Well based upon a rigorous review of all of this research, the American Psychological Association called for the immediate ‘retirement’ of American Indian Sports Mascots back in 2005.

A key statement in the APA’s position was:

“We know from the literature that oppression, covert and overt racism, and perceived racism can have serious negative consequences for the mental health of American Indian and Alaska native (AIAN) people. We also need to pay careful attention to how these issues manifest themselves in the daily lives (e.g., school, work, traditional practices, and social activities) and experiences of AIAN individuals and communities. As natives, many of us have had personal and family experiences of being the target of frightening, humiliating, and infuriating behaviors on the part of others. This resolution makes a clear statement that racism toward, and the disrespect of, all people in our country and in the larger global context, will not be tolerated,” Dr. Thomas states.

In response to the APA’s stand and to this compelling and nationally recognized research on public harm done to Native peoples by these racist mascots, the NCAA took a similar position back in 2005.    That year they banned NCAA teams from the use of hostile and abusive mascots (we certainly don’t want to be throwing around the r-word). 

The NCAA’s position, to me, does not seem particularly radical, given academia’s inherent responsibility to respond to the best research of the day.  In fact I’d simply equate this with banning cigarette advertising to children or any other malevolent public practice that has proven to harm a significant body of citizens.  But to many this was a blow against our ‘rights’ to express ourselves any way we chose to from the “P.C.” police.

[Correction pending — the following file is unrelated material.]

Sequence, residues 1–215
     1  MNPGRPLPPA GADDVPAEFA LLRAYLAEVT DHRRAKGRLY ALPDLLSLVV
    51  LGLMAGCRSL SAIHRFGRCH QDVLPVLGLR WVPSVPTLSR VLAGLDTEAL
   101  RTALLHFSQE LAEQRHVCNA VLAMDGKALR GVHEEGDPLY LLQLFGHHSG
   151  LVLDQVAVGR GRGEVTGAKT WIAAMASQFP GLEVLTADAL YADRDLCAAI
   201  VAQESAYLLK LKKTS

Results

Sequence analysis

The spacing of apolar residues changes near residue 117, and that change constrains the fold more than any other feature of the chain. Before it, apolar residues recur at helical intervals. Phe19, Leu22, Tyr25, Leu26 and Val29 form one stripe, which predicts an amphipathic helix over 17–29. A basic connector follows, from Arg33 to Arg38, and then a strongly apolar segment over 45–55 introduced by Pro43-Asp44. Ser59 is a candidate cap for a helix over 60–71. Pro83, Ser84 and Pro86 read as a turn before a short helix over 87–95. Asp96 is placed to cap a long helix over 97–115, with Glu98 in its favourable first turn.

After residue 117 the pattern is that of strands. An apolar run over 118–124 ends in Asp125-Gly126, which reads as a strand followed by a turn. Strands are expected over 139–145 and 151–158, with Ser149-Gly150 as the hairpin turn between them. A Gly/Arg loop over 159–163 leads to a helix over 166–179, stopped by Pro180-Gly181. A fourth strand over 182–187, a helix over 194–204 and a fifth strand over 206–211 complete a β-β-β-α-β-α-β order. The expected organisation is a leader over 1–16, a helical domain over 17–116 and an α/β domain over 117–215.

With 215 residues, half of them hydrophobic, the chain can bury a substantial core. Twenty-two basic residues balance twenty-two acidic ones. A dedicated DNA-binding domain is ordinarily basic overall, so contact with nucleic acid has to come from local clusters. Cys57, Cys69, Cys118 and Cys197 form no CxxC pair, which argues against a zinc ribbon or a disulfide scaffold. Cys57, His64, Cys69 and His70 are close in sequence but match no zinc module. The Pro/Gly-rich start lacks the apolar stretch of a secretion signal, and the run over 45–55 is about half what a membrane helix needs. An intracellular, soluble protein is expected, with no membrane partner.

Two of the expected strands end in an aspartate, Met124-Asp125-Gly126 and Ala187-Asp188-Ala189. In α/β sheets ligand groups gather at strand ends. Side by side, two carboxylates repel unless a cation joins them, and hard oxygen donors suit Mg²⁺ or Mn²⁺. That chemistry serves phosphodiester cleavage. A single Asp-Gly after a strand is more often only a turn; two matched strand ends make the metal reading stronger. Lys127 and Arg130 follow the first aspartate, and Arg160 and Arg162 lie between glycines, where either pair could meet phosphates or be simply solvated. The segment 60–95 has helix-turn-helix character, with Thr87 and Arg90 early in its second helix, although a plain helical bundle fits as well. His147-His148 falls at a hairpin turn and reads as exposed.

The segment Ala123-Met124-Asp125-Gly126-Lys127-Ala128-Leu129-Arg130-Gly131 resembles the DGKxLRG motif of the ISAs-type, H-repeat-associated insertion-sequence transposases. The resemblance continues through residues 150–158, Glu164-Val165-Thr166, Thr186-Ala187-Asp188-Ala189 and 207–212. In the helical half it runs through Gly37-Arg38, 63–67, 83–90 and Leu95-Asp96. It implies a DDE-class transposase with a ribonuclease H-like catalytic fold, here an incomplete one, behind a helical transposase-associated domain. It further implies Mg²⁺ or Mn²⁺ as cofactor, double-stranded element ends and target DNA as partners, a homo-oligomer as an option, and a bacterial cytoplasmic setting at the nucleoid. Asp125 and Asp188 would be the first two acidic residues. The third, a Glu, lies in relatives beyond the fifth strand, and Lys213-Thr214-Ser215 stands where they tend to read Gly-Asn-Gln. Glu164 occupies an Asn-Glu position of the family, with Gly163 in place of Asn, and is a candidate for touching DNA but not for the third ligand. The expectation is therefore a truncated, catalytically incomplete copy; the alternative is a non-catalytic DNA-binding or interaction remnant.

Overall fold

At the time of the ban there were a series of colleges deeply invested in preserving their Native Americans mascots.  The web site American Indian Sports Team Mascots documents this history really well, including images of oh so many racist logos and photos of white fans in painted faces.  One college involved, Florida State,  went through the steps of garnering tribal approval of their mascot

While some colleges retired the mascot, Illinois retirement was such an ugly political process that it made for an amazing documentary.   And as you can see in the above headline, the racist mascot’s retirement continues to be resisted by the students and alumni.  And still today another university, North Dakota, continues to drag its feet and play political games with the states tribes in the hopes of securing ‘tribal approval’ of their Fighting Sioux warrior.

How is it that there can be any question as to what UND needs to do to resolve this ‘problem.’  A publically funded university must be expected to stand up for and respond to research, it must be expected to serve the entire community, it must be expected to take a position through which it works to correct its own historical injustices.  Research deems this practice harmful, past practice has excluded this population from anything remotely like an adequate public education, and present practices within the university and state show again and again attempts to thwart both internal knowledge and tribal resistance.

We have to expect and demand much more from our education system.  This political pandering and back door perpetuation of racism has to be called out again and again and again.  In the words of a writer I greatly admire… It is absolutely necessary to expect more. Leave it to others to make justifications, to distract with conversations about finances and donors, to ignore and counter the best evidence we have on this topic.  I will expect more. 


There is plenty of interesting blogging on this topic, Eric Stoller recently wrote about The University of North Dakota’s insistence on perpetuating stereotypes.

And Resistance pointed out the ‘neutral’ stance the University of Illinois is taking in the ongoing ‘student led’ resurrection of that white guy painted as Chief Illini in a post titled: Institutionalized Racism

Add to FacebookAdd to DiggAdd to Del.icio.usAdd to StumbleuponAdd to RedditAdd to BlinklistAdd to TwitterAdd to TechnoratiAdd to Yahoo BuzzAdd to Newsvine


1 Comment

Filed under American Indian

One response to “Hey hey – these mascots are racist

  1. Pingback: If there is an “incident” in a locker room… « Schooling Inequality